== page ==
2.  How would it work if I have several variables defined in the FGV, but at some point in the code I only need to change one of them?  Will the FGV keep the current value for the others, or do I need to explicitly repeat the other values?

 

3.  If I use the suggestion in http://zone.ni.com/devzone/cda/tut/p/id/4682 to Skip Subroutine Call If Busy, what happenes to my time-critical loop if it is unable to access the FGV?  It will proceed I guess, but if it cannot read the FGV what value will it proceed with? 

 

Thanks,

Ian

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NI used to teach using an Action Engine for RT loops.

 

You will have to define each of the operations associated with your data (Set falg, Togel Y, etc).

 

To avoid rae conditions make use all of the read mod write functions are encapsulated in the AE.

 

Re: skip if busy...

 

If other code is running the AE code when the RT loops tries to use teh AE with the "skip if Busy" flag set the AE call will be skipped and any values retrned by teh AE will be teh "default-default" for teh data types. E.G. I usually return a flag set true labeled "executed". When the AE is actually run by the RT loop (and not skipped) the boolean is true. When it is skipeed the dault value for booleans (deault = F) is returned letting my RT loop know it should ignore the data coming fro the AE.

 

BTW:

I tried getting globals to work once and was never able to get them to stay deterministic. AE's have worked since the early days of RT and still are useful.

 

Ben

Retired Senior Automation Systems Architect with Data Science Automation LabVIEW Champion Knight of NI and Prepper LinkedIn Profile YouTube Channel
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I would be surprised at 20Hz that a simple FGV or Action Engine (without skip if busy) could not keep up with your timed loops.  I often run timing tests where I run my code 1000 times in a loop.  I would guess your FGV would be < 100us/iteration.  Also feel free to put everything in one FGV or divide up your datsets into multiple FGV's.  Whatever makes sense.

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Ben,

 

Thanks for the link, that Action Engine nugget is very useful.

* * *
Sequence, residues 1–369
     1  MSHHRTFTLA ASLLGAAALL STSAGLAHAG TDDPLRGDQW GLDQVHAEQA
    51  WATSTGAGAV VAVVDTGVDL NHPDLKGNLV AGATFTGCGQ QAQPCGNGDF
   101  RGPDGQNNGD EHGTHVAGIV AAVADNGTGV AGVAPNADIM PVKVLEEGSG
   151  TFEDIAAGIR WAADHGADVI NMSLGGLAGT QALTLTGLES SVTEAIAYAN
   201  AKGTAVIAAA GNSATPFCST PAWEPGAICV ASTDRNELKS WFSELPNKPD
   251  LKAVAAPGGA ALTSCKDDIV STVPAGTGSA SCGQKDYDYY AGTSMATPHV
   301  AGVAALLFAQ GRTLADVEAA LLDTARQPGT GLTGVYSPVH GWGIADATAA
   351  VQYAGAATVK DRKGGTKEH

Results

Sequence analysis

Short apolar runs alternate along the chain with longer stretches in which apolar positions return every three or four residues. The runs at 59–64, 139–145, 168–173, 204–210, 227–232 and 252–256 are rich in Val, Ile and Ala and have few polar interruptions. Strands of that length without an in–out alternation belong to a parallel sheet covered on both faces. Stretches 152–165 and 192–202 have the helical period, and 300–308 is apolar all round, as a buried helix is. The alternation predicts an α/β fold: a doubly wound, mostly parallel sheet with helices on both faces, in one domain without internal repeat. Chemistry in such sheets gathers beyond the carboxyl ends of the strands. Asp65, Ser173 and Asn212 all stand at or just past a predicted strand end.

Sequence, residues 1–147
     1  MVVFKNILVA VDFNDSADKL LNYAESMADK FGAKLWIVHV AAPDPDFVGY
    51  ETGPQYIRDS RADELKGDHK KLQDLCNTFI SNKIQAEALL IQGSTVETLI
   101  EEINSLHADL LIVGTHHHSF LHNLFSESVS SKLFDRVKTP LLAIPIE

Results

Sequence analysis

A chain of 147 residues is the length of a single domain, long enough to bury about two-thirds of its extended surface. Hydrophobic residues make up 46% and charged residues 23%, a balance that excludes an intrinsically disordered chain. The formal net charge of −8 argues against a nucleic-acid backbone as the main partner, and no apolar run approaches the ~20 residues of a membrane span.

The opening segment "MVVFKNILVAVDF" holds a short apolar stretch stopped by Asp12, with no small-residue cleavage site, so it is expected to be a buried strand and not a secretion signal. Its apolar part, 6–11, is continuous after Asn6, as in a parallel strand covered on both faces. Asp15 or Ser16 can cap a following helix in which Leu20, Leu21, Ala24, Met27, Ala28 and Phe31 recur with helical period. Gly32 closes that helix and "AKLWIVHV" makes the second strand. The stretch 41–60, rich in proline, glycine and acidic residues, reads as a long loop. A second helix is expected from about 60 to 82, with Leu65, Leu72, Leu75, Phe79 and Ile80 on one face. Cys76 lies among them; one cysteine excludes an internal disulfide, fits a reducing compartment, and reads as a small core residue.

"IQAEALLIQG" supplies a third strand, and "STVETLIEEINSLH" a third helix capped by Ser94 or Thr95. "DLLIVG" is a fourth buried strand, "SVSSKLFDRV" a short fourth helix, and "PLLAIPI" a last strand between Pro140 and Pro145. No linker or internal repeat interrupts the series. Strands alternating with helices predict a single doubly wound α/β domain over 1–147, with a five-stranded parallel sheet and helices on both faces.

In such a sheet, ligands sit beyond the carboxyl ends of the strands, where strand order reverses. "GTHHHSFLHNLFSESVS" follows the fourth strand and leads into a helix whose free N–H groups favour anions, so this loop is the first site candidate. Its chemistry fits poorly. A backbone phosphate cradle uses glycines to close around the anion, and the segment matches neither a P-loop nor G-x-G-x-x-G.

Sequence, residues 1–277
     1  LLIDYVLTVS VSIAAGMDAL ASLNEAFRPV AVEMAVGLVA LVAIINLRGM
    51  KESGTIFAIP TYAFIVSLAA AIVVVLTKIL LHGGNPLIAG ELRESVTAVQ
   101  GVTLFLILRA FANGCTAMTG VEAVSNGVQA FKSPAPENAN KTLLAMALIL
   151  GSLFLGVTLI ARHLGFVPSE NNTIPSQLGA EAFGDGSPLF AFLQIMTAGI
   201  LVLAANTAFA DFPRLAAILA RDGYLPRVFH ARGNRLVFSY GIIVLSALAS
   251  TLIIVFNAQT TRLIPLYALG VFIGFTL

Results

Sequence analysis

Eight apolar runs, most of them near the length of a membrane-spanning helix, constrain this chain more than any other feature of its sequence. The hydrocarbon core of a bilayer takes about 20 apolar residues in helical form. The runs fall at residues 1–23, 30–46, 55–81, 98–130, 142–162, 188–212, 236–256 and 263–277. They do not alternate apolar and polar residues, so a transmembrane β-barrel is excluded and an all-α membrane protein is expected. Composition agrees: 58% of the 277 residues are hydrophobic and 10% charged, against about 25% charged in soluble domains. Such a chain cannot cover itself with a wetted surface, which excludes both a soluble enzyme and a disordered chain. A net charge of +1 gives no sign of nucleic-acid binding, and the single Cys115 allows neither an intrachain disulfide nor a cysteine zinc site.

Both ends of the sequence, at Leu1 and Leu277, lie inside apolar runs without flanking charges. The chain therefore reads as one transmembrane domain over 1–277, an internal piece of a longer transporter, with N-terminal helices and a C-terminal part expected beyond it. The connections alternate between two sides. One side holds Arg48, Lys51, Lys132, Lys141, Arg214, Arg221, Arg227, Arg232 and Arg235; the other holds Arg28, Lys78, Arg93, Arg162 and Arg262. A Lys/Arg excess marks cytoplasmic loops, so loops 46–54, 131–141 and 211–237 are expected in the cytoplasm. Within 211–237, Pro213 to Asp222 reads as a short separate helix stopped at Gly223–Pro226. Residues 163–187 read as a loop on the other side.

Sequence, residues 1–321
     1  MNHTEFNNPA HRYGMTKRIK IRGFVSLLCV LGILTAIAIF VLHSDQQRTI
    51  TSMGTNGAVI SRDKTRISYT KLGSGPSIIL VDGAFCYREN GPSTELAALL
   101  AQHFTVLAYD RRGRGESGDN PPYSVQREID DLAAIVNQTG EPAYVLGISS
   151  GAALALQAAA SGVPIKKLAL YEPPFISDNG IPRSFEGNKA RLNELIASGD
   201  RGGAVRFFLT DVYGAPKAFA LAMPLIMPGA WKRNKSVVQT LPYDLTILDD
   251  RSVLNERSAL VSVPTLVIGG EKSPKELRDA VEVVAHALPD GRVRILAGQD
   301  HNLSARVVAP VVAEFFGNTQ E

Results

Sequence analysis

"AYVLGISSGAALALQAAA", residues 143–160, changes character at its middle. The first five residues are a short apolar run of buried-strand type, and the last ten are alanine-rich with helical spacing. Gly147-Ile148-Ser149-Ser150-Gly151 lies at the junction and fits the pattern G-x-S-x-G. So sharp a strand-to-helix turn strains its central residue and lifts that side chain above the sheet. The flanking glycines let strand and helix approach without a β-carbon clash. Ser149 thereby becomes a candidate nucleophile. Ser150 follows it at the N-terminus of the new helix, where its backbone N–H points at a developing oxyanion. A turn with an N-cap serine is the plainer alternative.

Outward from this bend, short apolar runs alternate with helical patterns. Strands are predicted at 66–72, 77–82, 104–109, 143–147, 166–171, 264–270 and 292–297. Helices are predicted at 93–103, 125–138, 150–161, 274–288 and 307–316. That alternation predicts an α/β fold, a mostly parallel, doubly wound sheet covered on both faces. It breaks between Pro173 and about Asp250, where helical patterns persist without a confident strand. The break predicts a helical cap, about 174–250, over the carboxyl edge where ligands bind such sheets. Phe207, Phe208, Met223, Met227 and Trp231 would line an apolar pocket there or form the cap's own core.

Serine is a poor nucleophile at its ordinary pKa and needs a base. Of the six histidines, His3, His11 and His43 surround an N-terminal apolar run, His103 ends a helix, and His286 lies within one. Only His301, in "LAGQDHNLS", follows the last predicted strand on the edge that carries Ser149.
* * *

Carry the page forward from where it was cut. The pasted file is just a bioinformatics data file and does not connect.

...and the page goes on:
One further question: does it matter if I take the outputs from the shift register, or should they always come from a separate wire?

e.g.

DigOutGFV.png

Here I have one array which contains the status of all digital lines.  When a single line is updated the element name ring is used to define which array element to update.  The full array is then split into two, to match the hardware ports.  There are therefore three shift registers.  I take the outputs directly from the two split arrays, not from extra wires as in the examples elsewhere.  Does this matter?

 

Thanks,

Ian

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@IanDeaville(TRW) wrote:

Ben,

 

Thanks for the link, that Action Engine nugget is very useful.

 

One further question: does it matter if I take the outputs from the shift register, or should they always come from a separate wire?

e.g.

...

 

  Does this matter?

 

Thanks,

Ian


Thank you for the complement on the AE Nugget

 

Spoiler

(I am still accepting Kudos for that thread, wink wink nudge nudge).

  Smiley Wink

 

Did you get to the part of the thread where Jim Kring taught us about using wrappers for each action?

 

I use those in most of my apps with AE's for all of the reasons mentioned there.

 

Re:Does it matter?

 

For small data sets you would have a hard time measureing the difference in performance between the two but for larger set or apps that use the AE very often (so it has to be fast) the best answer I can give is to invite you to revie the "Clear as mud" thread found here.

 

That thread discusses the various ways we can pass data to/from sub-VIs and what we can do to structure our code to let LV optimize buffer re-use.

 

I hope that helps,

 

Ben

Retired Senior Automation Systems Architect with Data Science Automation LabVIEW Champion Knight of NI and Prepper LinkedIn Profile YouTube Channel